By CityTownInfo.com Staff
July 28, 2009
A new survey indicates that the top 15 highest-earning degrees all involve math skills.
"Math is at the crux of who gets paid," said Ed Koc, director of research at the National Association of Colleges and Employers, which conducted the study. Koc was quoted on CNNMoney.com. "If you have those skills, you are an extremely valuable asset. We don't generate enough people like that in this country."
Engineering diplomas accounted for 12 of the 15 top-paying majors, with petroleum engineering earning the highest average starting salary of $83,121. Graduates with these degrees locate oil and reservoirs or develop ways to bring those resources to the Earth's surface.
Other degrees which made the list included chemical engineering and mining engineering, with annual starting salaries just under $65,000. Only three of the 15 degrees listed--actuarial science, computer science and construction management--were not in engineering, but they still made use of math skills.
Meanwhile, graduates who studied fields such as social work, English, foreign language or communications received significantly lower paychecks. But Koc pointed out that engineering and computer science majors each comprise only about 4 percent of college graduates.
"It's a supply and demand issue," he explained to CNNMoney.com. "So few grads offer math skills, and those who can are rewarded."
According to Farnoosh Torabi, employment expert and Quicken blog editor, more college students are picking their majors based on earning power. Ultimately, said Torabi, students are increasingly "choosing a major that pays."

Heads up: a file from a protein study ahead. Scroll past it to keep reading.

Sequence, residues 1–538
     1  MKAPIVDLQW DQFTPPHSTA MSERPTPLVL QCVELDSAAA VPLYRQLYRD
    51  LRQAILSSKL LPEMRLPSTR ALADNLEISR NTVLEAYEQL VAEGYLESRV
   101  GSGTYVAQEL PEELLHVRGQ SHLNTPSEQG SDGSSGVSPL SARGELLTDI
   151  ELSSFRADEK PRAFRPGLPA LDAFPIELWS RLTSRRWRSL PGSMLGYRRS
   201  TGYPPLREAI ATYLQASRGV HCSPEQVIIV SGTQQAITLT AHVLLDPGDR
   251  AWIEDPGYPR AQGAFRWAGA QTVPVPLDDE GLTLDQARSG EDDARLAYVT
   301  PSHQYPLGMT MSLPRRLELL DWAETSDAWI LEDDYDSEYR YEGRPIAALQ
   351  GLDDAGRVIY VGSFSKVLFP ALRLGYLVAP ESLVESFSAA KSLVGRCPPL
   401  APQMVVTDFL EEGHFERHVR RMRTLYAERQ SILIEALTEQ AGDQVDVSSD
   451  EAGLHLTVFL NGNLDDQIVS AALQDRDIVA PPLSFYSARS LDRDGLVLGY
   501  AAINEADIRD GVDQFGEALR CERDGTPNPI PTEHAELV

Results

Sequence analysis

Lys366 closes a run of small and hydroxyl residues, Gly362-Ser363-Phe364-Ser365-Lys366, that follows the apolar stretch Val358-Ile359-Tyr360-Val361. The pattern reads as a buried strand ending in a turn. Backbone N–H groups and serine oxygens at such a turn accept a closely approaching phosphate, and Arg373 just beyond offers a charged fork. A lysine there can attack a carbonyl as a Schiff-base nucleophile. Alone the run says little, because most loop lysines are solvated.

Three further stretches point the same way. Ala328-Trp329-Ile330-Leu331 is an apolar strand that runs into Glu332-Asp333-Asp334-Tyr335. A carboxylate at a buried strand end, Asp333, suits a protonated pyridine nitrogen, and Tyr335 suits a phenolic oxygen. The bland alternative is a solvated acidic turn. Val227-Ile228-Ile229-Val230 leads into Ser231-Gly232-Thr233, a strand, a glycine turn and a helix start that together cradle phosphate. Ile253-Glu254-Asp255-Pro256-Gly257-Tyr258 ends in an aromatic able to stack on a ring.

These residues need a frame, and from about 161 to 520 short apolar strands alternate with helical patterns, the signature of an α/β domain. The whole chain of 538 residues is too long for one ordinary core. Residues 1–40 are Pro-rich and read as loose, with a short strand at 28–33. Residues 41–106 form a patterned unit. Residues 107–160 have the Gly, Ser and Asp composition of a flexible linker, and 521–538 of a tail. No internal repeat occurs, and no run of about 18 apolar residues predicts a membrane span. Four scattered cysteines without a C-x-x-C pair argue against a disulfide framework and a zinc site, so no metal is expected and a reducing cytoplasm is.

But not everyone agrees on that strategy. According to Beth Nicholson, director of career services at the University of Toledo, students should consider a number of different factors when choosing occupations.
"We advise students to research different occupations to learn about education requirements, skill sets needed, and the employment trends," she told CityTownInfo.com in a recent interview. "We encourage them to not just choose their career path according to salary, something they've seen in a movie or heard. . . . We recommend they look at their choices very broadly at first; then narrow the choices based on valid information."
FastWeb.com, which provides information about higher education scholarships, agrees that salary should not be the deciding factor when choosing a major. "You should never choose a major just for the money," the article points out. "If you don't enjoy the work, then all that money will never equal the dissatisfaction you have for your job."